Memorial dive marks sunken US Navy ship’s 75th anniversary

Aziz Idris & Izah Azahari

Charges d’Affaires at the United States Embassy in Brunei Darussalam Scott Woodard and members of Poni Divers organised a memorial dive on Friday at the American Wreck.

The event marks 75th anniversary of the sunken United States (US) Navy ship from World War II, the USS Salute.

The American Wreck is one of Brunei’s iconic WWII wrecks, easily accessible by speedboat, about 45 minutes from Serasa Beach and 1.4km away from the Australian Wreck.

Prior to the dive, a moment of silence was observed to pay respects to those who lost their lives during the war.

“It is a real privilege to honour the sacrifices of those who fought to defend our freedom 75 years ago,” stated Scott Woodard.

Two wreaths were laid on-board the wreck by Scott Woodard along with other divers to mark the historic event.

The ‘American Wreck’, originally called the USS Salute AM 294, was a US Navy minesweeper.

Charges d’Affaires at the United States Embassy in Brunei Darussalam Scott Woodard and members of Poni Divers place wreaths on the American Wreck. PHOTOS: PONI DIVERS
A sketch of the American Wreck

The ship was laid down on November 11, 1942, by Winslow Marine Railway and Shipbuilding Co, Seattle, Washington and launched on February 6, 1943.

Salute sailed from San Francisco on March 21, 1944 for Hawaii.

Between April and September 1944, she escorted convoys between Pearl Harbor, Majuro, Kwajalein, Eniwetok, Guam, and Saipan, before reporting to the 7th Fleet at Manus on October 8 for the Leyte invasion.

On October 20, she joined her division – Mine Division 34, off the Leyte beaches in the Philippines for a four-day sweep of the main transport channel, and then anchored with the transports to provide anti-aircraft support.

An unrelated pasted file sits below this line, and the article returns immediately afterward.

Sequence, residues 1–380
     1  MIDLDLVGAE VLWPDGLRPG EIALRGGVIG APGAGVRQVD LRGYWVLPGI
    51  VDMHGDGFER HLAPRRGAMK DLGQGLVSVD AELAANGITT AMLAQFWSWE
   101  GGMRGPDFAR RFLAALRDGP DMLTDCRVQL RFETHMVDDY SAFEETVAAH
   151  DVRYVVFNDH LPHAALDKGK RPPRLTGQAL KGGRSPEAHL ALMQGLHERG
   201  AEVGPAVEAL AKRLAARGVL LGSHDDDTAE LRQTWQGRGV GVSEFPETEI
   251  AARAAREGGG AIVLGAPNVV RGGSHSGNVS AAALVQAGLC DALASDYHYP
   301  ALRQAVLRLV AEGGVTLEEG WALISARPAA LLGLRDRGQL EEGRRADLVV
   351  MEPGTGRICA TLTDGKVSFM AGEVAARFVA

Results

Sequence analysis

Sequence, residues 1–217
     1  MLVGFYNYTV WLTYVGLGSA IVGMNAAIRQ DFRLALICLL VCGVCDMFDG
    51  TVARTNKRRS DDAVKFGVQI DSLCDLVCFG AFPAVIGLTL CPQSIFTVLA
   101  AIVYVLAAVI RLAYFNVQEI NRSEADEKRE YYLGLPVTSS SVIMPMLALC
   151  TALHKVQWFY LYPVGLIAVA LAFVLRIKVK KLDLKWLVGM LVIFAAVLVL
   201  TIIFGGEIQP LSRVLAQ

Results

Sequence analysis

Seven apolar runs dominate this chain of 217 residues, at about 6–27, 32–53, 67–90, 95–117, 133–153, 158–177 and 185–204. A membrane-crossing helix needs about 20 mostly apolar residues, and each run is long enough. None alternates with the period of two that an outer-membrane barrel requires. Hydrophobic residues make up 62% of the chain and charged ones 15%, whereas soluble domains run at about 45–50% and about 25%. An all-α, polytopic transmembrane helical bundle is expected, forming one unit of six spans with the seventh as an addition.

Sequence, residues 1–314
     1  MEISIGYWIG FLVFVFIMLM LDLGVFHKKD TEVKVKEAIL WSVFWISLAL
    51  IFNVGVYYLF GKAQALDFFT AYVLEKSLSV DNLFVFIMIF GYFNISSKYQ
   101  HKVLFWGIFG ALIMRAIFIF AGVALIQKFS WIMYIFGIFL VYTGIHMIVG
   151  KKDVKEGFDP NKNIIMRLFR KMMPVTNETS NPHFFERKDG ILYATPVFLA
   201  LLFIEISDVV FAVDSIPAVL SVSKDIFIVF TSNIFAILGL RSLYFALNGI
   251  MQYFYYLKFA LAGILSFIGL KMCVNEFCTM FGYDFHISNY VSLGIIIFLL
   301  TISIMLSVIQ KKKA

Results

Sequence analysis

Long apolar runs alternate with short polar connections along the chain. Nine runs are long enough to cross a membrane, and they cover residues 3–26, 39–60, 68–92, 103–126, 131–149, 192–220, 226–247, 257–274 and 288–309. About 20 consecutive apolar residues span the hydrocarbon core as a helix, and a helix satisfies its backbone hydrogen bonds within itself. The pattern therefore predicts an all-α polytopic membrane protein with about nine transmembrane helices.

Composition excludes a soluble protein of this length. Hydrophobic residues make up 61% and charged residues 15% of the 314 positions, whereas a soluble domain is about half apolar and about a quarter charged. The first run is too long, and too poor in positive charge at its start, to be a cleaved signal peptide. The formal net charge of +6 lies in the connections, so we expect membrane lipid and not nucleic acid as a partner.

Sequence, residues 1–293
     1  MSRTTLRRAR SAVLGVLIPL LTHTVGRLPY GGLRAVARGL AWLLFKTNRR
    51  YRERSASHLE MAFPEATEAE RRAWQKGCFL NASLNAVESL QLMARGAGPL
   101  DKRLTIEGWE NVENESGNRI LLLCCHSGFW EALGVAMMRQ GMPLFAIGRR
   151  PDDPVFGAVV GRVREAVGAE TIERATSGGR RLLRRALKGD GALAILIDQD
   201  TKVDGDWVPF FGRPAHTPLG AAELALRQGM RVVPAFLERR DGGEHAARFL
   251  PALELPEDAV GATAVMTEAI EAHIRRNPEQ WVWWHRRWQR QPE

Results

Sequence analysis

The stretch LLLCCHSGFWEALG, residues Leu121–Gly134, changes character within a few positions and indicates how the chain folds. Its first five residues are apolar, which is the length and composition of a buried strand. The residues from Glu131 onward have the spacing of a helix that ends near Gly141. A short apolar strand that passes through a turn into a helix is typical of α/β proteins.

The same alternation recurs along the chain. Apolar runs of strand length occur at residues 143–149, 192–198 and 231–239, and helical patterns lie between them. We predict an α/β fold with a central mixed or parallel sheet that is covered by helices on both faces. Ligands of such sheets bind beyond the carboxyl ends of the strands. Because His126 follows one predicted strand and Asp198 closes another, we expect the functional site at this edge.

Salute participated with her division in most of the subsequent landings in the Philippines.

She carried out pre-invasion sweeps between December to January 1945.

On February 13, Salute and her division began pre-invasion sweeps in Manila Bay.

While sweeping off Corregidor on February 14, the minesweepers came within 4.5km off the island and were repeatedly straddled by Japanese fire before supporting ships silenced the island’s guns.

Salute continued sweeping in Manila Bay through February 18, and her division earned a Navy Unit Commendation for the operation. With Mine Division 34, Salute came to Brunei Bay and began the pre-invasion sweep on June 7, 1945.

The ship struck a mine and both its bow and stern began to sink.

Two landing craft attempted to salvage the minesweeper, but they were unable to control her flooding, and the ship sank on June 8, 1945, with the loss of nine lives.

The American Wreck lies broken in two pieces, one lying across the other.

It is a popular and challenging dive site with numerous artefacts both on and nearby the wreck.

On November 14, 2019, a gentleman by the name of Wayne Shafer reached out to a local diver, Alan Goh, and thanked him for sharing short video of his dive at American Wreck in Brunei on a wreck diving forum he posted nearly a year ago.

Wayne Shafer was the brother of Ralph Clyde Shaffer who lost his life in the USS Salute incident.

Alan Goh, Stuart Goring, Poni Divers staff Maclen Torres and Akim Samaan, and Oscar Woo and his wife, Jing, from China, placed a memorial plaque inside the USS Salute on December 1, 2019, in memory of Ralph, MM Petty Officer 2nd Class who lost his life at the age of 21.

Business Development Director of Poni Divers Anna Aziz said, “Brunei is a wreck enthusiasts’ haven, with four World War II shipwrecks in our waters, it’s also important that we treat these wrecks which are essentially war graves with respect.”